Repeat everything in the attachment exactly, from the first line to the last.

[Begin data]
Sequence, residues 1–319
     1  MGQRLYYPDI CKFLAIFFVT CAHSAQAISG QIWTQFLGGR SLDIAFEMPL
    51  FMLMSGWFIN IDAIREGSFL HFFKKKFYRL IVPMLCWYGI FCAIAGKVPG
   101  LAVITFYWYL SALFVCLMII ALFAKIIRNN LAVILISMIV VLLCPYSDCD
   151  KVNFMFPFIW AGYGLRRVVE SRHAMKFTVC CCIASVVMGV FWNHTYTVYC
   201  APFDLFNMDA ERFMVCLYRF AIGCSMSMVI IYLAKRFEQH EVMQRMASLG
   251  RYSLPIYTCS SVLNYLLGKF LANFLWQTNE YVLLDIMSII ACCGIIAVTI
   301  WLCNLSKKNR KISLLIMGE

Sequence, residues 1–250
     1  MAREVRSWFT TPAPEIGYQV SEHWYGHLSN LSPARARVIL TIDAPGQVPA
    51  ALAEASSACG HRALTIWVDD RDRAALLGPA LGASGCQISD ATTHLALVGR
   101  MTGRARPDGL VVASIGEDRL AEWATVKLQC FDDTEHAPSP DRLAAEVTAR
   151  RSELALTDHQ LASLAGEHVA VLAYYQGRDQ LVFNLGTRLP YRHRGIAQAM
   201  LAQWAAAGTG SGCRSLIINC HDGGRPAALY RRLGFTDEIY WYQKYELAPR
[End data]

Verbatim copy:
Sequence, residues 1–319
     1  MGQRLYYPDI CKFLAIFFVT CAHSAQAISG QIWTQFLGGR SLDIAFEMPL
    51  FMLMSGWFIN IDAIREGSFL HFFKKKFYRL IVPMLCWYGI FCAIAGKVPG
   101  LAVITFYWYL SALFVCLMII ALFAKIIRNN LAVILISMIV VLLCPYSDCD
   151  KVNFMFPFIW AGYGLRRVVE SRHAMKFTVC CCIASVVMGV FWNHTYTVYC
   201  APFDLFNMDA ERFMVCLYRF AIGCSMSMVI IYLAKRFEQH EVMQRMASLG
   251  RYSLPIYTCS SVLNYLLGKF LANFLWQTNE YVLLDIMSII ACCGIIAVTI
   301  WLCNLSKKNR KISLLIMGE

Sequence, residues 1–250
     1  MAREVRSWFT TPAPEIGYQV SEHWYGHLSN LSPARARVIL TIDAPGQVPA
    51  ALAEASSACG HRALTIWVDD RDRAALLGPA LGASGCQISD ATTHLALVGR
   101  MTGRARPDGL VVASIGEDRL AEWATVKLQC FDDTEHAPSP DRLAAEVTAR
   151  RSELALTDHQ LASLAGEHVA VLAYYQGRDQ LVFNLGTRLP YRHRGIAQAM
   201  LAQWAAAGTG SGCRSLIINC HDGGRPAALY RRLGFTDEIY WYQKYELAPR